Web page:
Monday, April 18, 2005

Singing and Dancing

A few friends and I have been conjecturing lately on why Asians like karaoke so much. My theory was that creativity is not cultivated in Asian cultures to the extent that it is in America. Emphasis tends to be on academic and professional success. So instead of dreaming about becoming pop stars or rock musicians, Asians save their dreams for when they go out to karaoke. But then I mentioned to another friend how Asians also like Dance Dance Revolution. His interpretation: "They seem to like following directions. Asians are a very orderly people." And I realized he's right. Karaoke and DDR both involve following directions in the act of creativity. Okay, so Asians do like to go clubbing, where no directions are involved, but I think my friend might be on to something.

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Anonymous Vivian Darkbloom said...

I can't speak to why Asians might be especially fanatical about it, but I know a lot of people in general who enjoy getting their karaoke on. I've never done it myself (too self-conscious), but I've attended several karaoke nights at various bars and had many conversations about karaoke's appeal, including one last night. My friends were saying how supportive people act during karaoke, and how it really doesn't matter if people really suck at it, you just cheer just as loudly for them. In this hyper-competative, capitalist, every-person-for-him/herself society we live in, sharing in something fun and "creative" with a community of supportive people (even if they're soused) is appealing. Shedding any shred of concern one might have of looking "cool" while karaoking (which is impossible, I think), must be liberating as well. It's a way for uptight people to "let loose" in a performative, but still structured, way.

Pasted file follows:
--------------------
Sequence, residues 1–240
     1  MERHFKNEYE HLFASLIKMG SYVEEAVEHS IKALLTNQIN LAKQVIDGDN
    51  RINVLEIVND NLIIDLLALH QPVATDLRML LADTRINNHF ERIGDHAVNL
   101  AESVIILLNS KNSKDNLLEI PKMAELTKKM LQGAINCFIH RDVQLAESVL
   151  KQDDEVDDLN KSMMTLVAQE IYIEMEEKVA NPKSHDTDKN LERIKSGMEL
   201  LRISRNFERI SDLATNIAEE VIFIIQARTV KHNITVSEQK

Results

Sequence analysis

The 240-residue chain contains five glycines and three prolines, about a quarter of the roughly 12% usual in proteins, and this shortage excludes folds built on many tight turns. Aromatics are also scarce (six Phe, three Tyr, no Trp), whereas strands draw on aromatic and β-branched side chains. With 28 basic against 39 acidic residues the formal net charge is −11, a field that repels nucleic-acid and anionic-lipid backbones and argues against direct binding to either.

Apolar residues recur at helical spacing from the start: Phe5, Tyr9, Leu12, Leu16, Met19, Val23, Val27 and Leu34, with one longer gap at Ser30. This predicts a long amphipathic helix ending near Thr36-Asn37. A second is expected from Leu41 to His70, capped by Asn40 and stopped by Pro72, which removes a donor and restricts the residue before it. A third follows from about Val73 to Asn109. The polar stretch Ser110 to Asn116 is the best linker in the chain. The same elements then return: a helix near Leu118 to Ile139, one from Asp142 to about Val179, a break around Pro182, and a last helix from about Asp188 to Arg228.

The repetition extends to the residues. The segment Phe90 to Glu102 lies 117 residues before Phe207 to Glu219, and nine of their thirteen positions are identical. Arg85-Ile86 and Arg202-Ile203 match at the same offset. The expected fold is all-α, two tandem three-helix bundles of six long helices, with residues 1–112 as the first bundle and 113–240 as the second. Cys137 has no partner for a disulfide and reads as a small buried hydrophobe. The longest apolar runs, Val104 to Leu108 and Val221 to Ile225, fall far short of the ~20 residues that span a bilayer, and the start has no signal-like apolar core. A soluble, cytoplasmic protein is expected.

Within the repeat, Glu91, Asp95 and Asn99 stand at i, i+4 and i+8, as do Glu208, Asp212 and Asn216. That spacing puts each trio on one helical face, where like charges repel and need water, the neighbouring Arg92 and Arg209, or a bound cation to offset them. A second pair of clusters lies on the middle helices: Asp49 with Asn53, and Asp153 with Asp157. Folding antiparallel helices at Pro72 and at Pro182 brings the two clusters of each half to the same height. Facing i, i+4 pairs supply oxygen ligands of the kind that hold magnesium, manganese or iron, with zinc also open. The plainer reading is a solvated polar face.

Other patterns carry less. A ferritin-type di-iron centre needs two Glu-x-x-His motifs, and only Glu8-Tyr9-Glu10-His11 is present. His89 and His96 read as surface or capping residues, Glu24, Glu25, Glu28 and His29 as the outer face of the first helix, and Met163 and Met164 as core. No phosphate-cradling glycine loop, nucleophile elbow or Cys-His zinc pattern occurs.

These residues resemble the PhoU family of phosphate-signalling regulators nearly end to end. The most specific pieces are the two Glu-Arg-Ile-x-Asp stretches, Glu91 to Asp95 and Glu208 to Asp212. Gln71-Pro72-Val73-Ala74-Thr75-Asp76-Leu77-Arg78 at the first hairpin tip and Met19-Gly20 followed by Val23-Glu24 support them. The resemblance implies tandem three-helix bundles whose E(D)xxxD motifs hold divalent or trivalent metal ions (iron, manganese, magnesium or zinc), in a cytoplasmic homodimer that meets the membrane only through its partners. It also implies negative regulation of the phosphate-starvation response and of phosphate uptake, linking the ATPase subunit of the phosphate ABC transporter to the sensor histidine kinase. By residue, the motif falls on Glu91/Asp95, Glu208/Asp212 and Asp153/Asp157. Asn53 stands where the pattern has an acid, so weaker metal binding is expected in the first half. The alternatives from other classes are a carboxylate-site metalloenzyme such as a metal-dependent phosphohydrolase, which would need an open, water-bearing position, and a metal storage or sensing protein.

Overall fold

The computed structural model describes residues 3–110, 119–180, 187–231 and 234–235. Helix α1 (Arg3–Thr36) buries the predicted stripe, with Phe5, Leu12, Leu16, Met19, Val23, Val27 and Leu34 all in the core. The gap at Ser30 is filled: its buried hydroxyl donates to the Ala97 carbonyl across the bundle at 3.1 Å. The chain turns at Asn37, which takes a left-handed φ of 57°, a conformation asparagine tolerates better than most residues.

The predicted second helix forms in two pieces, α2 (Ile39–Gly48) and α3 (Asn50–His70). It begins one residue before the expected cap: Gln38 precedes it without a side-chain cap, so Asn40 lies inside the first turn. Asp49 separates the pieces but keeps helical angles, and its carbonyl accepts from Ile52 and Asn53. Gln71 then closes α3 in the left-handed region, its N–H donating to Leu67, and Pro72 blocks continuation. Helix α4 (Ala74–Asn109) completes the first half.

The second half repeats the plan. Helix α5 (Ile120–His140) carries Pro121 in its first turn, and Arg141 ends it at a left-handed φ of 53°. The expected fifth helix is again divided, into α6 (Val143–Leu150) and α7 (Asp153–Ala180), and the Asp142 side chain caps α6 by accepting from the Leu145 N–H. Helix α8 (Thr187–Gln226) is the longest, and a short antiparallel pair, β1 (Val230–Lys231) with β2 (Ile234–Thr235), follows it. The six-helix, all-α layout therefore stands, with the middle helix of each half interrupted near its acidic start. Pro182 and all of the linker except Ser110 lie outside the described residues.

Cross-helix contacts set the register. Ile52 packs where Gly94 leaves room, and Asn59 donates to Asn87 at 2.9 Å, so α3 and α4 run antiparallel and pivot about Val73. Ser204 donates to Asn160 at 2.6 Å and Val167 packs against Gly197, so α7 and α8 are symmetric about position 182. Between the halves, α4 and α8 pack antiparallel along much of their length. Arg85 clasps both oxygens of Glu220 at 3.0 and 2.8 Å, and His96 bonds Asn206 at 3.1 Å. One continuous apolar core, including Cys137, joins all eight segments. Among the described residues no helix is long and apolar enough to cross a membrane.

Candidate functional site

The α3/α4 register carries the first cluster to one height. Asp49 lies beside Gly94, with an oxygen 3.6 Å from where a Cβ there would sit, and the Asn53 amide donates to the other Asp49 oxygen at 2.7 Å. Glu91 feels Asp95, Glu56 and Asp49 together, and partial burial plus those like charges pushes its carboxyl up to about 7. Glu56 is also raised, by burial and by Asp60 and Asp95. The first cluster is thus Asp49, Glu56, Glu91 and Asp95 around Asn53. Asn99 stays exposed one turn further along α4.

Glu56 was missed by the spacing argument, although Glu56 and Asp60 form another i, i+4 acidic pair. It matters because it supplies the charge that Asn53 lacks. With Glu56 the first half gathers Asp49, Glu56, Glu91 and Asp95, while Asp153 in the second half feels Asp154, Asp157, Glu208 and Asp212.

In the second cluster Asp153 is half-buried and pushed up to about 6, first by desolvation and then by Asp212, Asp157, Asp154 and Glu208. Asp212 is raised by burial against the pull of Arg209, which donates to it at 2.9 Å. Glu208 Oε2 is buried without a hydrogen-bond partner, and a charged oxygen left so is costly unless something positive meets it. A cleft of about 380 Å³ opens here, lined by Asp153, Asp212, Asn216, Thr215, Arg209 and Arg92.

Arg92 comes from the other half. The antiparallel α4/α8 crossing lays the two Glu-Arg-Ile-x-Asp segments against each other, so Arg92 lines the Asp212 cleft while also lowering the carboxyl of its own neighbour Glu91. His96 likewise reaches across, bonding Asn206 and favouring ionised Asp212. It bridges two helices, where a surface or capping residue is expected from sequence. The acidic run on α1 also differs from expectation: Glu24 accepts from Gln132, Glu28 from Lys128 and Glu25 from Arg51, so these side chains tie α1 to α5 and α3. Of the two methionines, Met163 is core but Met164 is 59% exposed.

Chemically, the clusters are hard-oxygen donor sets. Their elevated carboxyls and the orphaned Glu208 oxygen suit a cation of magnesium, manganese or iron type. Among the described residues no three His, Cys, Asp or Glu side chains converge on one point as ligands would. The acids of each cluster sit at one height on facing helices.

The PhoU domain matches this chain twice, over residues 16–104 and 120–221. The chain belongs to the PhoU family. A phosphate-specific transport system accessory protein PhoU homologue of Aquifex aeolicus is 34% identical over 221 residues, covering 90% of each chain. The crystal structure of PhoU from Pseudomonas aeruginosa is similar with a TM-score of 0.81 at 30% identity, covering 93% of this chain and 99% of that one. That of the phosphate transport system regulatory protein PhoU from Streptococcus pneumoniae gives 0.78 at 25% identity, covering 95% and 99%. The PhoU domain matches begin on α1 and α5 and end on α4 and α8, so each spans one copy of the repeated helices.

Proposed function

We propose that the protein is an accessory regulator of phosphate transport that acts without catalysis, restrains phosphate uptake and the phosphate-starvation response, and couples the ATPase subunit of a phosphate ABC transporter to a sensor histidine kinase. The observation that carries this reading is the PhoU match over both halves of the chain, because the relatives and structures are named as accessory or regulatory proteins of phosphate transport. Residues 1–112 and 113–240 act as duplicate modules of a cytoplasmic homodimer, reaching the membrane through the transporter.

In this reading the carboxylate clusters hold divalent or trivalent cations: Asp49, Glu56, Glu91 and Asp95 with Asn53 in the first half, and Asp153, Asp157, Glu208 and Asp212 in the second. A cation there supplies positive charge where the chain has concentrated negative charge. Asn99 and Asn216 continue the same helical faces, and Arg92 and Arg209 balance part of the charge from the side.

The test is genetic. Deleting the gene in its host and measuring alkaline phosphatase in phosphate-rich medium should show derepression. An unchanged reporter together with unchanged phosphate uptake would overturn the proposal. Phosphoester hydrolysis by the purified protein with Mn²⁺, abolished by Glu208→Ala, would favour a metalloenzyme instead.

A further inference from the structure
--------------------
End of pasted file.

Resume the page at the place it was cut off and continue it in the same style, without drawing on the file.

I saw this movie that was made in the 1930s with Cary Grant or someone. It wasn't a musical, but there was a scene in which all these people who were riding on a train sang a song together. The chorus was the same every time, but the verses were improvised by all the different people on the train. This was a way of passing time and having fun and being a little creative. When I saw that, I thought about how we don't really have much like that in today's American culture. Maybe karaoke, or something like country line dancing, comes close.

4:20 PM  
Blogger mlliu said...

In support of your thesis, I'd add that scene in "There's Something About Mary" where Mary gets up and sings karaoke, she sounds horrible, but once she stops taking herself so seriously, the crowd goes wild.

Maybe there's something about today's society, like you said, where creativity isn't really fostered in everyday life. Everything's so compartmentalized, and maybe karaoke taps into that ever-present need to be creative.

12:01 AM  

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